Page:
So Jesus isn’t talking about behavior or innocence: He’s not a romantic. He’s talking about something else entirely. To set the stage, consider the child in the text. English isn’t quite as flexible as Greek, so English translations have to make a choice and call the child “him;” but there’s nothing in the Greek that says that the child isn’t a little girl. Now, that would really be a shock to the disciples, and it would serve the purposes of Jesus well: if you want to be great in the kingdom of heaven, be like this little girl. At the time of Jesus, girls don’t have any power at all in society. They have no rights, they will receive no inheritance. They have to be protected from all the predatory men until they reach the right age, and then they get married off to somebody without having much say in the matter.


No rights, no power, no wealth, no say in how life should be: how could that be great? Because greatness in the kingdom of heaven is completely different than greatness in the kingdoms of this world. Greatness in the kingdom of heaven is measured in terms of neediness, weakness and vulnerability.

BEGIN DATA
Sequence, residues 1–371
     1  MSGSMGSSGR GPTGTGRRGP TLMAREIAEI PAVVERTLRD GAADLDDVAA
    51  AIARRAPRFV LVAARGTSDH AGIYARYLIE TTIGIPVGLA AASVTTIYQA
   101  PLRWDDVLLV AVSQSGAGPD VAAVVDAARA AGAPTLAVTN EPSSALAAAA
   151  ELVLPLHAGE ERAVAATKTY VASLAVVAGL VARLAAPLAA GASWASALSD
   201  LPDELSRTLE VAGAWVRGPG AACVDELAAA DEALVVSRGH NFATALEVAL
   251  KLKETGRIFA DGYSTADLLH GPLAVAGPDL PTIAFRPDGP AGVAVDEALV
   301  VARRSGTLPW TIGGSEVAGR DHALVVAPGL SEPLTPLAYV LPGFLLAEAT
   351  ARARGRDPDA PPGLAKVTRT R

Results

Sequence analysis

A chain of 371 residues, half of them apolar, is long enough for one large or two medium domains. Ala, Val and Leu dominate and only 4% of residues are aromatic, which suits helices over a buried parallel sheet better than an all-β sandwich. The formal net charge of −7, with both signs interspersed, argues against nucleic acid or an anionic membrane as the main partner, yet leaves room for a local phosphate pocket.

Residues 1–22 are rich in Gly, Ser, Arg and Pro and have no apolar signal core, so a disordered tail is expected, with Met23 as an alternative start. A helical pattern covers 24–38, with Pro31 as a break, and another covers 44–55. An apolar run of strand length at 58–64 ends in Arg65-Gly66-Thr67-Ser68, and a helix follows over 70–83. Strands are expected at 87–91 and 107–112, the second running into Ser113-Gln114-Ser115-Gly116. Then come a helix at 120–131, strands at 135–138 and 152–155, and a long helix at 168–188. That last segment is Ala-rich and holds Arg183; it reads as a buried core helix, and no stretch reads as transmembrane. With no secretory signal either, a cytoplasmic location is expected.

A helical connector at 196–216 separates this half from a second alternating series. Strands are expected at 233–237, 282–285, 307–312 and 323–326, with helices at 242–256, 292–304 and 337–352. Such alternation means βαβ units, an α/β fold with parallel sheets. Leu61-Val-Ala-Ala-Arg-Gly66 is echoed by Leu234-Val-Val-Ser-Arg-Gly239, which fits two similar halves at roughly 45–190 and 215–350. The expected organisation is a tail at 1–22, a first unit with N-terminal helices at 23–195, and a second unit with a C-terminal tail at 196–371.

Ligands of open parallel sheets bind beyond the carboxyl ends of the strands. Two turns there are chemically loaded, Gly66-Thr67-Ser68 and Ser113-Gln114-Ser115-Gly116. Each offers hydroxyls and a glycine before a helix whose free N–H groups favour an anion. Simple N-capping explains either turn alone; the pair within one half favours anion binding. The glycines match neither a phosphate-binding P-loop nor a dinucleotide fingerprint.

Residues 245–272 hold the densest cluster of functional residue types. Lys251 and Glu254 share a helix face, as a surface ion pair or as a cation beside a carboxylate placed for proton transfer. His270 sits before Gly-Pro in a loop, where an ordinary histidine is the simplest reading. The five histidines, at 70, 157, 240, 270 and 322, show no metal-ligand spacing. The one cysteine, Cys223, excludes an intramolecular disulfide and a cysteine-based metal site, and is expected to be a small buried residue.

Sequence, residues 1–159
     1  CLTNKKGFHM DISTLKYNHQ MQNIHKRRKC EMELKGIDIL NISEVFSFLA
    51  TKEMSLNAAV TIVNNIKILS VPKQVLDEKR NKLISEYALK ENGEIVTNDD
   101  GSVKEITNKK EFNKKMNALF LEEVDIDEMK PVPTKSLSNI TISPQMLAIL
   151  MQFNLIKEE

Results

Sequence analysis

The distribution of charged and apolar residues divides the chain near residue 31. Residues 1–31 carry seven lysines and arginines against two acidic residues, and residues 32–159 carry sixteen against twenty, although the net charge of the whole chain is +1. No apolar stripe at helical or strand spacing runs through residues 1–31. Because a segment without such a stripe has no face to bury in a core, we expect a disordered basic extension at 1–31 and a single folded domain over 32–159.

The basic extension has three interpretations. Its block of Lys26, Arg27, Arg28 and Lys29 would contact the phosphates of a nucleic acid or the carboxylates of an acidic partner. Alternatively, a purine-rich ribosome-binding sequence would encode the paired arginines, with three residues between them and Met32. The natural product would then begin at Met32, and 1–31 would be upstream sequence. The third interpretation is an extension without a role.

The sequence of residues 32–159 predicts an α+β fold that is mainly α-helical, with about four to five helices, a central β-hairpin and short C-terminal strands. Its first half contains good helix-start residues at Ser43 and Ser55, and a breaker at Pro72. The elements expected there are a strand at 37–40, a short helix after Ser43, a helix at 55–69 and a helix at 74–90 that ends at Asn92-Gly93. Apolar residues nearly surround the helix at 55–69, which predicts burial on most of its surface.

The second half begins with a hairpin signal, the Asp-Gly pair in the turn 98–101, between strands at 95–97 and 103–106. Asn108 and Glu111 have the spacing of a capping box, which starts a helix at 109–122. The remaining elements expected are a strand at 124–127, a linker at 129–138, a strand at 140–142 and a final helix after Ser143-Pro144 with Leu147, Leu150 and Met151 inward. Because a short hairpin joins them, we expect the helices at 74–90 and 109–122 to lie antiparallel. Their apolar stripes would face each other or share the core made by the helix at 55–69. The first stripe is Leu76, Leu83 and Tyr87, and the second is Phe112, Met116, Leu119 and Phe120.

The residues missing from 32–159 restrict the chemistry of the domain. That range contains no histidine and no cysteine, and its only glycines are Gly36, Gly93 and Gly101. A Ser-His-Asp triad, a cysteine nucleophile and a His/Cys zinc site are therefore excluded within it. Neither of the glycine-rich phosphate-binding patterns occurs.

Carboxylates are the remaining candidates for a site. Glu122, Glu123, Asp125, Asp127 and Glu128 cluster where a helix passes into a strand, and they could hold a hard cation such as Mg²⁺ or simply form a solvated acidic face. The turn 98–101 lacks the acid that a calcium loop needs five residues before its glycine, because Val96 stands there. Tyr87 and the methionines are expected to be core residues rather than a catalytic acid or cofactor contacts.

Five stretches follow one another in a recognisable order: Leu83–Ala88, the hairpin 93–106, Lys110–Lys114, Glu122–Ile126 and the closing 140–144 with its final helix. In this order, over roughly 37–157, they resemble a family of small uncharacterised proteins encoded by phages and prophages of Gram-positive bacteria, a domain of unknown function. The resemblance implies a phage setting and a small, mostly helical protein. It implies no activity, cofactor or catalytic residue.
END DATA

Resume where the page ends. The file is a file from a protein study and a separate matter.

That bears repeating: the greatest in the kingdom of heaven is the one who is the neediest, the weakest and the most vulnerable. Why? Because the one who is the neediest, the weakest and the most vulnerable is the one who will trust in Christ the most.


Consider a little boy and a little girl at the time of Christ. The boy is raised with the knowledge that he’s going to have rights, perhaps he’ll receive an inheritance and he has potential to improve his situation by what he does and how hard he works. Because of who he is, his destiny is somewhat up to him—at least far more than his sister.


With no rights, power, wealth or much say in life, the girl is vulnerable: she has little choice but to trust in her parents during her childhood, and then trust in her husband when she’s married. Of course, it may or may not work out well for the girl in the kingdoms of this world, because those she must trust are sinful: her parents may be cruel or her husband might be a pig. But when it comes to the kingdom of heaven, the One to trust is completely trustworthy: He is gracious and merciful, slow to anger, and abounding in steadfast love.


The one in the kingdom of heaven who is the neediest, the weakest and the most vulnerable is the one who will trust in Christ the most, because he has nothing else to trust in; and the one who trusts in Christ the most is the greatest in the kingdom of heaven.